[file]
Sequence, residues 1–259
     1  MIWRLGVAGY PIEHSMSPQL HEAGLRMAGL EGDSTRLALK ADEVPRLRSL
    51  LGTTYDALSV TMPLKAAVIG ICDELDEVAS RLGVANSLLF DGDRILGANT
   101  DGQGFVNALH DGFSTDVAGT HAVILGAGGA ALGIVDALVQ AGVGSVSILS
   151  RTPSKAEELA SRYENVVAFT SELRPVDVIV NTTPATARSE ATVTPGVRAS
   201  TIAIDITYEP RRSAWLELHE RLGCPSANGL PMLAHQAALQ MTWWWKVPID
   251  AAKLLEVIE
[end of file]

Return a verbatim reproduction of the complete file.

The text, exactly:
Sequence, residues 1–259
     1  MIWRLGVAGY PIEHSMSPQL HEAGLRMAGL EGDSTRLALK ADEVPRLRSL
    51  LGTTYDALSV TMPLKAAVIG ICDELDEVAS RLGVANSLLF DGDRILGANT
   101  DGQGFVNALH DGFSTDVAGT HAVILGAGGA ALGIVDALVQ AGVGSVSILS
   151  RTPSKAEELA SRYENVVAFT SELRPVDVIV NTTPATARSE ATVTPGVRAS
   201  TIAIDITYEP RRSAWLELHE RLGCPSANGL PMLAHQAALQ MTWWWKVPID
   251  AAKLLEVIE